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Clin Lab. 2010;56(9-10):427-39.

Potassium, calcium, magnesium, and sodium levels in biological samples of Pakistani myocardial infarction patients at different stages as related to controls.

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National Center of Excellence in Analytical Chemistry, University of Sindh, Jamshoro, Pakistan.



Many studies have examined the association between cardiovascular disease (CVD) mortality and the intake of essential micronutrients (potassium (K+), calcium (Ca(2+)), magnesium (Mg(2+)), and sodium (Na+)). They may separately reduce the CVD incidence to a small degree over the short term levels. The aim of the present study was to compare the levels of micronutrients in biological samples (whole blood, urine, and scalp hair) of myocardial infarction (MI) patients of both genders where ages ranged from 45 to 60 years at first, second and third heart attack (n = 232). For comparison purposes, healthy age-matched referent subjects (n = 103) and patients with cardiovascular without MI, of both genders were also selected.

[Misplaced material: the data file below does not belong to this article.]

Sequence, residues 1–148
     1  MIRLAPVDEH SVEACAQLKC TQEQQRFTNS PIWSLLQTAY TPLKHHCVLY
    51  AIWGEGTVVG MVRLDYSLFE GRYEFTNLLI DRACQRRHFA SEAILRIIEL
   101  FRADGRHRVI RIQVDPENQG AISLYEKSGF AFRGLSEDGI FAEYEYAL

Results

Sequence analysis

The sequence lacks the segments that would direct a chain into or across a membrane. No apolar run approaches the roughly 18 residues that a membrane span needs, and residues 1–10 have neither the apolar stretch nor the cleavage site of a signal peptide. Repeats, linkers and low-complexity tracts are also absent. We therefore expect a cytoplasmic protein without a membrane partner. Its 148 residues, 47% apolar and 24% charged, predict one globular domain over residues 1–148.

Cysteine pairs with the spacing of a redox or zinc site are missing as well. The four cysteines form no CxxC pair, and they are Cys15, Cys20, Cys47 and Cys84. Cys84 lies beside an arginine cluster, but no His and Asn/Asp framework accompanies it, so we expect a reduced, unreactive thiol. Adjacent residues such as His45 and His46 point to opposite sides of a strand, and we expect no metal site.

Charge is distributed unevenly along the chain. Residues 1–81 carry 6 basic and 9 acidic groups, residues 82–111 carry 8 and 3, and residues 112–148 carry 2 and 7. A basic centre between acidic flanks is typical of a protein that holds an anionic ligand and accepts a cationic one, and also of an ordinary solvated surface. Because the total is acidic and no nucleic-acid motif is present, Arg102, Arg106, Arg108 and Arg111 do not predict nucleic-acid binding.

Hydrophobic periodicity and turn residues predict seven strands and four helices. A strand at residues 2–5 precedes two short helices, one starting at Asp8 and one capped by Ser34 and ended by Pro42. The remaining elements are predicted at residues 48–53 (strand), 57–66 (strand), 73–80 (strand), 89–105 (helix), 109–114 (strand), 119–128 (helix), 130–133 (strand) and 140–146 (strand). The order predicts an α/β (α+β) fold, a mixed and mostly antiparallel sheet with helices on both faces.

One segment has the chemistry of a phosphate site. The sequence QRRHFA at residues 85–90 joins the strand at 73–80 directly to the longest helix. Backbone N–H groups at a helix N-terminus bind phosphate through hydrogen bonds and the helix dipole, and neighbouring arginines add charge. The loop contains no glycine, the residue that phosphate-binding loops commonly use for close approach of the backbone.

The elemental concentrations in scalp hair and whole blood were measured by flame atomic absorption spectrophotometer prior to microwave-induced acid digestion. The validity and accuracy was checked by means of certified reference materials.


The results of this study showed that the mean values of K+ and Mg(2+) were significantly reduced, while the Na+ level was higher in blood and scalp hair samples of MI patients as com-pared to control subjects of both genders (p < 0.05). The levels of Ca(2+) in the biological samples of MI patients were found to be higher than in referents, but the difference was not significant (p > 0.05). The urinary levels of these elements were found to be higher in MI patients than in the age-matched healthy controls.


Although these data do not prove a causal relationship, these results are consistent with the hypothesis that deficiency and efficiency of some essential micronutrients may play a role in the development of heart disease. The micronutrient supplements containing K+ and Mg(2+) may be beneficial, but because of potential risks, use should be carefully monitored and restricted to men taking potassium-losing diuretics.

[Indexed for MEDLINE]

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